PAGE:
For weeks now, the corporate media have been speculating that the Trump-Kim summit would really have only two possible results: Either Trump would walk away angrily or that Trump would declare himself a great negotiator for having achieved what no other American president has been able to do.
For the time being, the media are happy enough with the latter. There is much written about Trump’s superior body language and of course, his forthright manner and abilities to get the deal done. It’s his way or no way. That much we saw a few days earlier in his treatment of the G7 summit leaders in Canada.
But what we are being told by the mainstream media is not the truth.
As Gareth Porter from Consortium News says: “The idea that North Korea could not possibly agree to give up its nuclear weapons or its intercontinental ballistic missiles (ICBMs) has become an article of faith among the journalists covering the issue for big media. But the media have gotten it all wrong. They have assumed that North Korea cannot live without nuclear weapons—without making any effort to understand North Korea’s strategy in regard to nuclear weapons. They have invariably quoted “experts” who haven’t followed North Korean thinking closely but who express the requisite hostility toward the summit and negotiating an agreement with the Kim regime.”
Porter makes reference to Joel S. Wit, who was a senior adviser to the U.S. negotiator with North Korea, Ambassador Robert L. Gallucci, from 1993 to 1995, and who from 1995 to 1999 was the coordinator for the 1994 “Agreed Framework” with North Korea. More importantly, Wit also participated in a series of informal meetings with North Korean officials in 2013 about North Korea’s thinking on its nuclear weapons.
Wit revealed in an article a month ago that the North Koreans had informed the American’s in 2013 meetings that Kim was already anticipating negotiations with the United States in which North Korea would agree to give up nuclear weapons in return for steps by the United States that removed its threatening posture toward North Korea.
It appears from documents that Kim himself was already indicating a readiness to negotiate with the United States on denuclearization years ago. Again Porter states in his article that “It was the same approach to a denuclearization agreement to which North Korea had agreed in 1994 and again in 2005 and 2007, but which had failed primarily because of the reluctance of the Clinton and Bush administrations to commit to entering into a normal political and economic relationship with North Korea.”
Whilst Porter writes more on the tactics and strategy the North Koreans have used when it came to nuclear weapons testing – in short, this was a high stakes strategy that NK wanted to win and had been playing for some time – way before Trump was a presidential candidate.
Mike Pompeo, the newly installed US Secretary of State either lied or was ignorant of the facts when he said; “they are contemplating a path forward where they can make a strategic shift, one that their country has not been prepared to make before.”
Donald Trump, with the mid-term elections just around the corner, demonstrated a belligerent attitude towards the remaining G7 leaders in Canada – tearing up the normal international showing of unity in favour of garnering electoral support back at home.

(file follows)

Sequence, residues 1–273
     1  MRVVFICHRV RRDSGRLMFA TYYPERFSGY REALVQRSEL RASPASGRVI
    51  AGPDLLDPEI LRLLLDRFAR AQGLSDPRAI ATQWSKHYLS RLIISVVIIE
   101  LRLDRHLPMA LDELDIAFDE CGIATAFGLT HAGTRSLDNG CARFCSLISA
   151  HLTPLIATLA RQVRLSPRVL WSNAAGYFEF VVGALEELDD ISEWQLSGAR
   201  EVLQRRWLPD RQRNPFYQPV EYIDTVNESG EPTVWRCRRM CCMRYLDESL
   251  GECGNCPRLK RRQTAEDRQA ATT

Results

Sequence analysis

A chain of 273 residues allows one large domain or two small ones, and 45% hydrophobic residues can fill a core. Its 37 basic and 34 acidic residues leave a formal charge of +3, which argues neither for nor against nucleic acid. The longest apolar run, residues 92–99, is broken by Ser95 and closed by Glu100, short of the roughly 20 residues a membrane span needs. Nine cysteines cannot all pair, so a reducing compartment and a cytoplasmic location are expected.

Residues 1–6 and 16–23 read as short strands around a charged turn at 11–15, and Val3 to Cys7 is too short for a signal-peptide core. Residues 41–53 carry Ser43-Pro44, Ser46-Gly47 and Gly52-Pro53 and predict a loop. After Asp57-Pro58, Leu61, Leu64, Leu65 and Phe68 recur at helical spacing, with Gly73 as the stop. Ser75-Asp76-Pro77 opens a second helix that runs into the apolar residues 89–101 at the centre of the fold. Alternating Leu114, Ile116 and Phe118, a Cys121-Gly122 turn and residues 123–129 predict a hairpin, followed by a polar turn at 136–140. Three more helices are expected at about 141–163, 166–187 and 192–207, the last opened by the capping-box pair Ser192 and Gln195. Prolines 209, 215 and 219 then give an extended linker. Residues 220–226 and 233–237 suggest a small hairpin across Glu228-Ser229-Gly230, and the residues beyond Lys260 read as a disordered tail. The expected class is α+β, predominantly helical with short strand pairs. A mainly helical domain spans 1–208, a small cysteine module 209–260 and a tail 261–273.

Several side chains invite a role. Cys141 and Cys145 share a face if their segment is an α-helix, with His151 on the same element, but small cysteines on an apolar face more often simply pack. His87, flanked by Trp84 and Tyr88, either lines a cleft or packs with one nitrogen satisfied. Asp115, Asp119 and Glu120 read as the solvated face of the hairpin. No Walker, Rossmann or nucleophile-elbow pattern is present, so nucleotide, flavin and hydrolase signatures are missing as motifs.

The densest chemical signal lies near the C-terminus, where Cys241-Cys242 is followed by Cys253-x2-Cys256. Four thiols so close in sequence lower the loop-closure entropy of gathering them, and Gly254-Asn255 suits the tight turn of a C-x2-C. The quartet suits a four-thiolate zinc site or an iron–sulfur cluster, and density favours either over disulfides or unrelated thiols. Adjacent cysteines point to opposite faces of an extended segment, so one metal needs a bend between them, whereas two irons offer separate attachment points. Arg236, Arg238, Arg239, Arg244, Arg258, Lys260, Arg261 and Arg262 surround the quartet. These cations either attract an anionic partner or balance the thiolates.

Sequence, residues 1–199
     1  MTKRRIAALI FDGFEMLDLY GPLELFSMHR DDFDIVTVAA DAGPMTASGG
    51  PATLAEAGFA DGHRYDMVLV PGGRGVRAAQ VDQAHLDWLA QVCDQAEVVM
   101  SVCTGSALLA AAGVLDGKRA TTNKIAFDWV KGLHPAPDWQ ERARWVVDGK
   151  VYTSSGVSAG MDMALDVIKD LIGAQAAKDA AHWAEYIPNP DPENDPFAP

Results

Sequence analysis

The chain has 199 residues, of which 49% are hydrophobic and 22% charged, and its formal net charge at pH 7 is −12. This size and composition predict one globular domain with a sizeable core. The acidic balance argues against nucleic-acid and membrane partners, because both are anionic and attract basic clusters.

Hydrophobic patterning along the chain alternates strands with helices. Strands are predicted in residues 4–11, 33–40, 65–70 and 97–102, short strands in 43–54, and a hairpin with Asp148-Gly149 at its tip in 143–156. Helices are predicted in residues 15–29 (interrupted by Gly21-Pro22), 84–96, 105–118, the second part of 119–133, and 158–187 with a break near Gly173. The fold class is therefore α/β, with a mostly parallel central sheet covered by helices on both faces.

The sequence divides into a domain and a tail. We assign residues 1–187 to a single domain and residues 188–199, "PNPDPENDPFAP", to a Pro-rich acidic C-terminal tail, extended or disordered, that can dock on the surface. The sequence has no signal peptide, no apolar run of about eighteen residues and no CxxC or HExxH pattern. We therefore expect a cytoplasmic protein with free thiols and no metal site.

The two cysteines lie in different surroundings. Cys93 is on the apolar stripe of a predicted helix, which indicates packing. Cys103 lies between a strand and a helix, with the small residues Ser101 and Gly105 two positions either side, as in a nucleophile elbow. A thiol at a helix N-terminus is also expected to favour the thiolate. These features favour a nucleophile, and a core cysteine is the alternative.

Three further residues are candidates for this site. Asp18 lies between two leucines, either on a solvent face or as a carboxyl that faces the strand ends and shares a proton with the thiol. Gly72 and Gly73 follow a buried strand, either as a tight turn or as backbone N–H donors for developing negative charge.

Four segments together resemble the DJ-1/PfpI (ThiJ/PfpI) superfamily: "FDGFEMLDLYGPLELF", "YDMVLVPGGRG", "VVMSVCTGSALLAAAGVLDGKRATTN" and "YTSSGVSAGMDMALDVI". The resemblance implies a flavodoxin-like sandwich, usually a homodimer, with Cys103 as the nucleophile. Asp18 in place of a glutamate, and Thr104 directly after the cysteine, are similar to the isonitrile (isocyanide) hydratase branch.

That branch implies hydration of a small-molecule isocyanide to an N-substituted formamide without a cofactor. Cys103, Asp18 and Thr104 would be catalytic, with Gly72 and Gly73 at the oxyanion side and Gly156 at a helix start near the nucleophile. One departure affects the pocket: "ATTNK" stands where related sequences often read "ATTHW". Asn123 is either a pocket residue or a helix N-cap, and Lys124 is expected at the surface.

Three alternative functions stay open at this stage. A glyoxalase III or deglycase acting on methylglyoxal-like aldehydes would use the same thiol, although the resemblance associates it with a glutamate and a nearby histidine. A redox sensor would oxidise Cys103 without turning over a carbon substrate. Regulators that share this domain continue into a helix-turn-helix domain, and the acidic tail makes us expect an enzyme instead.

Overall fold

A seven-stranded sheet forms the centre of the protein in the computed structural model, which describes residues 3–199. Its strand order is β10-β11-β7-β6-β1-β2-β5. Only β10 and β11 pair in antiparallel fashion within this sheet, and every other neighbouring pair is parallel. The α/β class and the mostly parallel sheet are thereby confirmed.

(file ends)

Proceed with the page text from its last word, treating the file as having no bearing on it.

Desperate to do a deal with North Korea, Trump used the same belligerent attitude to get a deal done but secured no concessions from North Korean leader Kim Jong Un – and in return even gave him a platform as a global player.
Additionally, Kim has won a halt to US military exercises on his doorstep, secured a trip to the Whitehouse and in return gave a signature on a vaguely worded document that only confirmed what NK was willing to do years earlier.
Kim has also been making friends with South Korea. This now means that if the US deal fails – it will look like Trump’s fault.
Kim has played his cards well and won hands down
Diplomatic editor for Sky News, Dominic Waghorn even concedes this point:
“Despite the diplomatic efforts of US secretary of state Mike Pompeo, the North Koreans have given no ground judging by the document signed jointly with Kim Jong Un. In fact, it is the Americans that appear to have made a major concession – adopting the wording preferred by the North Koreans regarding denuclearisation, not just of North Korea but the entire Korean Peninsula.“
“Whatever happens next”, says Waghorn, “Kim can bank some major gains. Other world leaders are lining up to follow in President Trump’s shoes. He has been feted here as a global player, no longer the international pariah.”
Trump’s supporters back at home will claim a victory. They will be calling this a historic moment, but Kim Jong Un now has the luxury of time on his side. Trump has used this event to shore up support for the mid-term elections. North Korea can now breath a sigh of relief. Trump cannot concede to North Korea now or any time up to the next national election in November 2020. As North Korea is safe for the immediate future it could continue to develop its weapons capabilities. It did so originally to force the Trump administration to the table and will do so again if required.
Gradually over time, the nature of this deal will come apart. North Korea will either disarm its nuclear deterrent or it won’t – either way, it can now blame America for the failure of the deal. It was Kim who made the big moves after all, not Trump.
North Korea has delivered a good game of geopolitical poker. It delivered with precision timing the its Royal Flush and the Trump administration has been suckered at their most vulnerable time – they blinked first. Whilst it may be reported that Clinton and Bush did not manage to meet the NK leaders, neither were that desperate to shore up their ratings at the mid-terms and neither fell for it.